A Spanhili lesson

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by Linda Manhardt, Major –

When I was first sent to Kenya as the senior training officer at the Training College, I knew very little of the Swahili language. I had listened to some instructional tapes, and could basically say good morning to some guy named “Bwana Juma.”

In my younger days, I had taken a couple years of Spanish at Asbury College, so I was able to almost understand Spanish, as well as almost communicate. This was the sum total of my language study. I figure if you combine the two languages, I am totally fluent in my own private language which I affectionately call “Spanhili”.

One of my jobs at the Kenyan college was to equip a home economics lab. This meant ordering washing machines, so that the cadets could learn how to use them. The big day came, and the washing machines were finally delivered! I was excited to finally get the equipment we needed. So excited, that I took it upon myself to unload them from the truck myself! WRONG!

As I was unloading the first one, I found myself with a sliding washing machine coming toward me from the back of the pickup. I was able to stop its progress, but I could not get it back onto the truck or find a way to get it safely to the ground.

I was totally stuck, holding the thing midstream! My mind raced, and I saw some cadets not far away. I began yelling “Ayudame, ayudame!”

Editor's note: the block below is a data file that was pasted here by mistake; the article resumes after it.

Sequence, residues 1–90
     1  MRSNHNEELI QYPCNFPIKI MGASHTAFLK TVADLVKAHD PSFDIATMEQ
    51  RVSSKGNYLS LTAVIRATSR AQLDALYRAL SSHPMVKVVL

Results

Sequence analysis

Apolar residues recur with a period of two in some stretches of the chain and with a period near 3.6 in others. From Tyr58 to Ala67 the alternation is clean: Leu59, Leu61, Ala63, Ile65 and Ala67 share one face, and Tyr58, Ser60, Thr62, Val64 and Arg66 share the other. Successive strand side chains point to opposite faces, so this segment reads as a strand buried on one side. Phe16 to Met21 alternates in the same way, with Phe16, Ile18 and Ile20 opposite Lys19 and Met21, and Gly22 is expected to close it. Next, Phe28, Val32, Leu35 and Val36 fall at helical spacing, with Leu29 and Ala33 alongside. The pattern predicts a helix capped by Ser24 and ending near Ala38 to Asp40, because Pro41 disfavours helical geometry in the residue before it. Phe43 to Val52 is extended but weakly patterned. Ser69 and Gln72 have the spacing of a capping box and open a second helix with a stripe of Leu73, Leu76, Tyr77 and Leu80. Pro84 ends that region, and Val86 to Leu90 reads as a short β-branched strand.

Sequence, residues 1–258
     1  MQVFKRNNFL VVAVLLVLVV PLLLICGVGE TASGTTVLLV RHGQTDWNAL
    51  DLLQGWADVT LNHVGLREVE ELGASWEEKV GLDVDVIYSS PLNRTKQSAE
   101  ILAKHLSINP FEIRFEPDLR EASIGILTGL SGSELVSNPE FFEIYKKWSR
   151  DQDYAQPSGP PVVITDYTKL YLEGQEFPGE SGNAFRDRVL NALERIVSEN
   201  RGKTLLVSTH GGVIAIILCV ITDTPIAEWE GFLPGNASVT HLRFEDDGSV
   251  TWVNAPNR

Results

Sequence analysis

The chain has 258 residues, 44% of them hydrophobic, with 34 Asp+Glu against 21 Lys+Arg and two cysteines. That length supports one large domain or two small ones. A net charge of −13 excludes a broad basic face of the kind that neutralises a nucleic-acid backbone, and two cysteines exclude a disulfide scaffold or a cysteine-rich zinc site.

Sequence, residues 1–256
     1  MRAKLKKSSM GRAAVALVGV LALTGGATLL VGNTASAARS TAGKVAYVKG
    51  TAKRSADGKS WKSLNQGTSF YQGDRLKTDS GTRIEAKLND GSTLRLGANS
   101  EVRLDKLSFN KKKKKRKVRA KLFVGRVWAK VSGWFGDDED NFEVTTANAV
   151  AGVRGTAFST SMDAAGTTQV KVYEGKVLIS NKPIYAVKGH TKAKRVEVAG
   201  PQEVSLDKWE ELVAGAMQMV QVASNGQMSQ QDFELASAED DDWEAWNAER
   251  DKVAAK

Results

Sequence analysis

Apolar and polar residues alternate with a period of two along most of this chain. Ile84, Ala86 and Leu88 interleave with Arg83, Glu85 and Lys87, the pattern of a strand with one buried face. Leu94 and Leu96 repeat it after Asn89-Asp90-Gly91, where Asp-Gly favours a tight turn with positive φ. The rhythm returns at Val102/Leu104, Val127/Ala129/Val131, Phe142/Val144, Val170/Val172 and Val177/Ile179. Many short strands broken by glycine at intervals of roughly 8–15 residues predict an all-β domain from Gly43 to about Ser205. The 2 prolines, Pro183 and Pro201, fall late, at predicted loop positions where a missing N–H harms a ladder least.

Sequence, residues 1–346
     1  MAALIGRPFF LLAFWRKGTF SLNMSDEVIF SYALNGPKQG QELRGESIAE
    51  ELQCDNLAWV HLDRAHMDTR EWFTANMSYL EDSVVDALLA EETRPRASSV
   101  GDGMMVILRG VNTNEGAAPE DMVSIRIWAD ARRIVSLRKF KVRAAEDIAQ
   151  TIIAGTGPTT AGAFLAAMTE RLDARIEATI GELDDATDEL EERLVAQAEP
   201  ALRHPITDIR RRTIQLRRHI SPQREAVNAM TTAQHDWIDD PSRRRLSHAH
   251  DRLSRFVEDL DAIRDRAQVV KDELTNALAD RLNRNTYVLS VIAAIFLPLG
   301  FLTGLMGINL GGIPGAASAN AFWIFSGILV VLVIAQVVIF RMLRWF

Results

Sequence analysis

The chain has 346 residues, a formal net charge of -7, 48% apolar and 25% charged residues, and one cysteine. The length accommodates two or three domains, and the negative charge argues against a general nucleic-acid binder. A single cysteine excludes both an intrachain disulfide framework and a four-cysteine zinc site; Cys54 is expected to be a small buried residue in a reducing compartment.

No response.

Again, “Ayudame, ayudame!”

Still no response.

I knew they could hear me. They weren’t that far away. I wondered why they didn’t respond. Could they be this rude and uncaring?

Finally, someone saw my struggle and came to my rescue. It was not, however, a result of my plea for help. Those of you who are familiar with the Spanish language will recognize “ayudame” as Spanish for “help me.”

Over and over again, I have experienced that when placed in a stressful situation, my brain says to itself “foreign language” and comes up with this strange mixture of Swahili and Spanish. No one—except myself—can understand it. But to me, it makes perfect sense.

I began thinking about this phenomenon and realized that in order to be understood, it is necessary to consistently speak the same language. Mixing two of them just doesn’t work.

The same is true in life. Just as we must speak consistently if we wish to communicate, we must live consistently if we wish to communicate Christ.

It is good to ask ourselves questions like:
· Is what I say consistent with how I live?
· Do I live the values that I believe others should live by?
· Is there a disconnect between the ethics I say I value, and the decisions I make in everyday living?
· Do I speak about joy in Christ, and constantly judge others and complain?

May each of us strive to live a life that is pleasing to God and consistent with what we preach and teach. This type of living will communicate the victorious living that is found only in Christ, and earn us the ability to be heard.

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